Friday, 7 January 2011

iPads and learning....

It was inevitable - it had to happen - it started months ago and has continued to cause excitement... but there seem to be even more articles flying around now about the use of the iPad in schools. I personally believe they, or their successor, will absolutely transform learning in the future - it has already started in some schools.

A recent article in the New York Times about a school introducing iPads to replaces some books has set a flurry on responses from all over the places. To read the whole article in the New York Times read here.
The internationally respected Ewan McIntosh responded in the Huffington Post iPad Learning for all the wrong reasons with both critical and supportive comments about varying aspects of the story - I must admit the thought of iPad labs does seem to defeat the very purpose of them...
Bloggers have joined in and a whole host of comments are flying in response - Fraser Speir's blog being just one example.
Following Fraser's response, Craig Grannell from Scotland has written on about how every student in the Cedars School of Excellence in Greenock, Scotland gets an iPad read here.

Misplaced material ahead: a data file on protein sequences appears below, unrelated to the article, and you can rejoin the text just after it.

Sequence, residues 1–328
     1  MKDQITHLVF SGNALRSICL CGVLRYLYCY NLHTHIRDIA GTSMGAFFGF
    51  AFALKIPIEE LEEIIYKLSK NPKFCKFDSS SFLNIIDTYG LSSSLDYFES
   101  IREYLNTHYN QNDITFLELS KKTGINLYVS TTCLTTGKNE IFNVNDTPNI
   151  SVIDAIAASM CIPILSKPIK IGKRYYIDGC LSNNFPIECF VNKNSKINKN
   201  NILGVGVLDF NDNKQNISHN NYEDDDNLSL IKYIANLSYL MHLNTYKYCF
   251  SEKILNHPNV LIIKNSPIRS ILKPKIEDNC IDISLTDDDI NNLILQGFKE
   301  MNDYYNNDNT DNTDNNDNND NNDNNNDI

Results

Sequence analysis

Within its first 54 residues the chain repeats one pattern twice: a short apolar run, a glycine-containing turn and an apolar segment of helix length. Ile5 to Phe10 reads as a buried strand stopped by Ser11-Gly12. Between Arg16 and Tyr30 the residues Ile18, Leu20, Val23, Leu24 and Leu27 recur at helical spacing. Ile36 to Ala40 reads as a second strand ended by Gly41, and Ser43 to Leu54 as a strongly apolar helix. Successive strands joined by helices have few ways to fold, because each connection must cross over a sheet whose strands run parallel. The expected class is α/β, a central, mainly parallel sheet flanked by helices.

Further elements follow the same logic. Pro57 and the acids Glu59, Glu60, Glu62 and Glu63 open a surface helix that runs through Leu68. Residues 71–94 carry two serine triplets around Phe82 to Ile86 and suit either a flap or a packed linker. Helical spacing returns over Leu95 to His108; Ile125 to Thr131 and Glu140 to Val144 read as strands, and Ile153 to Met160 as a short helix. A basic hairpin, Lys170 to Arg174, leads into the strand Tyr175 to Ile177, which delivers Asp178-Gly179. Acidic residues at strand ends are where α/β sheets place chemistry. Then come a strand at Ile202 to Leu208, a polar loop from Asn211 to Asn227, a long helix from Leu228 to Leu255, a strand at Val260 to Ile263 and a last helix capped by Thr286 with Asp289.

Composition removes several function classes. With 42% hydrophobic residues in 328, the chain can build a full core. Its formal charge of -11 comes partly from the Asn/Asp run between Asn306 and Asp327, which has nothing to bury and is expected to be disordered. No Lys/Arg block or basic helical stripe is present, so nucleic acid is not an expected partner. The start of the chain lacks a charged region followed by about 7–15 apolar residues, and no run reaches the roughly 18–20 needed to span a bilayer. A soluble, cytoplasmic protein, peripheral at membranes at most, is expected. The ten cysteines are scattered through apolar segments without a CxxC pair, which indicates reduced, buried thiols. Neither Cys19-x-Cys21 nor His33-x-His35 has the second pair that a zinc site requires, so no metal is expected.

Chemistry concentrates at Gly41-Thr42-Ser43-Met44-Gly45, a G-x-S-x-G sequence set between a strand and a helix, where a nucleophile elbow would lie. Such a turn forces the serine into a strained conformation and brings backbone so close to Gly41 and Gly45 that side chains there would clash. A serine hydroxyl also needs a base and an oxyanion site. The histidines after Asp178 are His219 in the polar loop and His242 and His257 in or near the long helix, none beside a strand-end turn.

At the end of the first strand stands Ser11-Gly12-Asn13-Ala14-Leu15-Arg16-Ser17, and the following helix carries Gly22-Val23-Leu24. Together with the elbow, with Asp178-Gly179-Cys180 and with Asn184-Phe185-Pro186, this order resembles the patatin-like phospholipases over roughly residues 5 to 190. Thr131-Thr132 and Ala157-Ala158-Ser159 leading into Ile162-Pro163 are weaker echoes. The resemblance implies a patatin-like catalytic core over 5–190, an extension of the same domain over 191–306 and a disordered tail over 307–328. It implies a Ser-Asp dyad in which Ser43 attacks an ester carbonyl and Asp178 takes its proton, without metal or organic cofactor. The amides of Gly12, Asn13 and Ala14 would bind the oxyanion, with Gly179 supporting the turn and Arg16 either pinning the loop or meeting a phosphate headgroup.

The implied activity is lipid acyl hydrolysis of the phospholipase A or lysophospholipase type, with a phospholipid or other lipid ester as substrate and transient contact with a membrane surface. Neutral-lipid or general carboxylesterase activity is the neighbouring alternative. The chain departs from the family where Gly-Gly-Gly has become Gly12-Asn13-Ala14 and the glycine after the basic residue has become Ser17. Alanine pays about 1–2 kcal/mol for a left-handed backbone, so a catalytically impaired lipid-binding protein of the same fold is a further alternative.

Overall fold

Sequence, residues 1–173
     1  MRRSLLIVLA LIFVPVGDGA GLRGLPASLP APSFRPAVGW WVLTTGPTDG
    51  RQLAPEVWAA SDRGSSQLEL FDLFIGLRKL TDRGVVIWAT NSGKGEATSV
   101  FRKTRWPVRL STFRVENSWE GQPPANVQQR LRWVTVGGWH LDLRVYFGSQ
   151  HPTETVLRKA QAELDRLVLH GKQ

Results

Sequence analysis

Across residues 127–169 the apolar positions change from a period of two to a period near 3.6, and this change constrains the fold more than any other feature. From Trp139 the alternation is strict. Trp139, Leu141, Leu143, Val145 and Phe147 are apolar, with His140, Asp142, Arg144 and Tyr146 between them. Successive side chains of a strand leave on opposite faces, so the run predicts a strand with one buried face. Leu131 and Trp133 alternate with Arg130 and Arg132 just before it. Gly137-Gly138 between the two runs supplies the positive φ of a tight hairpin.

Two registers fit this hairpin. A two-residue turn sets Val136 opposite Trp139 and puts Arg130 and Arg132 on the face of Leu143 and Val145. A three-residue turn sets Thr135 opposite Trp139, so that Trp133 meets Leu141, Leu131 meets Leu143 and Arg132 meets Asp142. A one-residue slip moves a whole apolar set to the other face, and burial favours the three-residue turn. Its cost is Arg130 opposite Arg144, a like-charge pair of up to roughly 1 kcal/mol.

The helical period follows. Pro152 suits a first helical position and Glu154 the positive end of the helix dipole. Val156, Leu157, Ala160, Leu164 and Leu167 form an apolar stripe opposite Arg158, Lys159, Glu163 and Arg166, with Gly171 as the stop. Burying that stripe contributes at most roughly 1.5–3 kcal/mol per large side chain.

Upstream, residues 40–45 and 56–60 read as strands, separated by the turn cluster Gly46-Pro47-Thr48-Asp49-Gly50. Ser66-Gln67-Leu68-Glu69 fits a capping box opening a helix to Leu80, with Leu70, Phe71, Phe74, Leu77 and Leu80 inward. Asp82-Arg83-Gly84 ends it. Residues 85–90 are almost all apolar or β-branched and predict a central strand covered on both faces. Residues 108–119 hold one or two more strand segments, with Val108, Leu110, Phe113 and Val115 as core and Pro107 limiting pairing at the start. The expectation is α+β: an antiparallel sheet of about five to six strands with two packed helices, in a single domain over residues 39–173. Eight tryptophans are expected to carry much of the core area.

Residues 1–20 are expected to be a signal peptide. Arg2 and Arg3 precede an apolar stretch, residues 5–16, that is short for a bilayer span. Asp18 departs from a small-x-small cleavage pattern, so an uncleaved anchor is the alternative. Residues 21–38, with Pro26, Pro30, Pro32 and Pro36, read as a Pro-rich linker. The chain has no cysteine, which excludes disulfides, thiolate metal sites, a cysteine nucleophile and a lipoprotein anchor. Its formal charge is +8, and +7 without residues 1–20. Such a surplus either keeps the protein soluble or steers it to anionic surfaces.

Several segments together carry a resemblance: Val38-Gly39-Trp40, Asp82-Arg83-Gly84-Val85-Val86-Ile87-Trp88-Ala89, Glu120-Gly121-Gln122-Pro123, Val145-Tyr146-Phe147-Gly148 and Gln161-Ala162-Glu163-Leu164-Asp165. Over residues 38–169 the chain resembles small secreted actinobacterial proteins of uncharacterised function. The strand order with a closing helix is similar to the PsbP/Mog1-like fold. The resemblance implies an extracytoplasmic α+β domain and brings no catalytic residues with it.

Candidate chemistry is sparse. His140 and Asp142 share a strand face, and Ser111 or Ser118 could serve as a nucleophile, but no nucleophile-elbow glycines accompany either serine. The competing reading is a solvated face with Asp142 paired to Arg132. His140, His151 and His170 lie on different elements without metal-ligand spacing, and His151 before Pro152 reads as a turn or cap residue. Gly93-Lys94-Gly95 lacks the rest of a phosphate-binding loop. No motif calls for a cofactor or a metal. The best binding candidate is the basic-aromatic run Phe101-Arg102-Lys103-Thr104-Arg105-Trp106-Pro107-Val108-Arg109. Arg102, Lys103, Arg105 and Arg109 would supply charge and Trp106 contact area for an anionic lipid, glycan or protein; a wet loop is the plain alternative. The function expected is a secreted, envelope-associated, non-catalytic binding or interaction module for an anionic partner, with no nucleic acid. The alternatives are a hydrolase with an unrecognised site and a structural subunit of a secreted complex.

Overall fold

The debate will continue but there is no doubt about the ICT in many schools in the UK that the 'genie is out of the bottle'. We can't undo what has been started or stop the use of devices in schools nor should we - technology is what are students use out of school and expect to use in school - those that don't are really being held back.
I have been critical in other posts about the lack of words from the DfE on ICT in schools, but as Professor Stephen Heppell said as we chatted over a coffee, the present regime has criticised so much in the the current education system, that the fact that they haven't really criticised ICT is probably a positive - I guess that's a positive way of looking at it.
As Fraser stated in his article when talking about education "Technology is the way we do business – it's how we teach. It's not a reward for doing traditional education well" - I agree - if we don't approach it from this way - we're doing something wrong!
To read Ewan's blog click on

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